Oops it’s not my week to post a question :(

I once overheard a man on the train talking about the MTA system and how it was putting an endless amount of money into a system that couldn’t support itself. The foundation of the MTA system itself is very poor. Bruce Stutz talks about the disruptions of hurricane Sandy and how Mayor Bloomberg, the city, state and federal agencies, all saw it coming, but not for another twenty years from now. “It wasn’t as if they’d been derelict in starting to plan.” But the problem is that from the very beginning, the MTA failed to create a strong foundation for itself and that’s why it needs so much planning now. How do you feel about the Sustainibility report for the MTA? Do you feel that this will help with the renewal of the system and rebuild the foundation, or do you think the system is getting ahead of itself, considering “green” factors without strengthening its structure? Alongside, do you think that artificial intelligence is a good idea? In Intelligence Explosion: Evidence and Import, it was pointed out that an uncontrolled intelligence explosion could result disastrous. Similarly to the MTA system, when creating something so significant, do you think that people try to jump ahead to the good things, (ex: the MTA to provide transportation to all of New York City,) but fail to consider structure and risks (the MTA foundation and protection in face of things like weather impact)? Should AI be created and expanded?

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1 Response to Oops it’s not my week to post a question :(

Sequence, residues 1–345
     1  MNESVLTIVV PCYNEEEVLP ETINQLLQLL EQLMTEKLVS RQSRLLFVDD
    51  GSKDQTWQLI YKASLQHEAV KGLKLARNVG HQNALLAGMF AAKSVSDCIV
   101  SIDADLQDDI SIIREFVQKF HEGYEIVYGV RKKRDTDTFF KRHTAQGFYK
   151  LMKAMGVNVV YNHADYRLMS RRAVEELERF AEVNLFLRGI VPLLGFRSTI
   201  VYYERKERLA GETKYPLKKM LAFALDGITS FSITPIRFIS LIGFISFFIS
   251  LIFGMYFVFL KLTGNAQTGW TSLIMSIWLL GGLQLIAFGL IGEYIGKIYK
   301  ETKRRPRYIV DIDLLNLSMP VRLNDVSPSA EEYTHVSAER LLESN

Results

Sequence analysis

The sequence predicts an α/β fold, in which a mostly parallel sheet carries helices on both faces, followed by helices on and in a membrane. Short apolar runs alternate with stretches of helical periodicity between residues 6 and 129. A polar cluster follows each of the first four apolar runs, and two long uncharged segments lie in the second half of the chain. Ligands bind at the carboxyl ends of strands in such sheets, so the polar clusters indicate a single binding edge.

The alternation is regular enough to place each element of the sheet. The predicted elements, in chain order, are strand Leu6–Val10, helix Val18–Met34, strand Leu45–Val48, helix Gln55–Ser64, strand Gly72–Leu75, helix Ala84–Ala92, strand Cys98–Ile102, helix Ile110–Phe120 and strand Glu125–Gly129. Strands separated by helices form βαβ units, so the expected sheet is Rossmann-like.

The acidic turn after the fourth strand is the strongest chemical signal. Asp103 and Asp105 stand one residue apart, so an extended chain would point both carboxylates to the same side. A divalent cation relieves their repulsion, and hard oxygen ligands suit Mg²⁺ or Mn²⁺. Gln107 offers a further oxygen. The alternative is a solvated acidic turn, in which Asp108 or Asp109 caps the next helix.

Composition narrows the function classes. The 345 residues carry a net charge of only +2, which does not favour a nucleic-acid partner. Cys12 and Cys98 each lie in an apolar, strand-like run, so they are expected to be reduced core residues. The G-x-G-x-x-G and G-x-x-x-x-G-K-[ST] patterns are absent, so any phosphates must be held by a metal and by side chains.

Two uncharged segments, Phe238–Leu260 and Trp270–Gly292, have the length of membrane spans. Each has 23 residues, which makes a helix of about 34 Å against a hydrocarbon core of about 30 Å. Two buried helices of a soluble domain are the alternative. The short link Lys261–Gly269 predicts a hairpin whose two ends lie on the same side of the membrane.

1. Yana Manevich says:

    I completely agree with your notion that a proper foundation is key in any structure or system, especially one as significant as the MTA. Unfortunately, the MTA had failed initially to create a sustainable foundation and is paying the price for it now. I do think that the comprehensive sustainability report issued by the MTA is a step in the right direction regarding necessary changes and upgrades to their dated systems. However, it does feel that they may be “getting ahead of themselves” a bit, as you put it, with most of their concerns and plans focusing on emission reductions, carbon reductions, renewable energy integration, and more ‘green’ projects, which although very important, may not be the most pressing issue they are facing at the moment. I think this dilemma once again goes back to the mitigation vs. adaptation question, and while the MTA should be applauded for introducing a number of mitigation efforts in this report, I do think they are overlooking a strong need for the adaptation of their underlying structures, especially in the wake of the damage done by Sandy. It is obvious that New York’s subway system is outdated, susceptible to flooding and in need of an overhaul. Sandy caused major damage when it hit and resulted in almost a week-long recovery process, which a city so dependent on public transportation simply cannot afford. I think the MTA’s best bet would be to hold off on mitigation efforts until they have adaptation covered, and until they have a strong enough foundation to sustain themselves in case another storm hits sometime in the near future.
    Regarding Artificial Intelligence, the article points out a major difference between an uncontrolled intelligence explosion and a controlled intelligence explosion, and I think that is a key factor in whether AI is a good idea. If ‘controlled’ from the start – built with a strong foundation, backups, etc. – I think that AI could only benefit our way of life. However, like you said, it is important not to rush into things, as the MTA unfortunately did when they were first creating our subway systems. It is scary to think what could result from an uncontrolled AI failure similar to one of the MTA during Sandy but on a larger scale, but just like a proper foundation could have prevented so much damage to the MTA, a proper foundation and structure for our AI systems could do the same.

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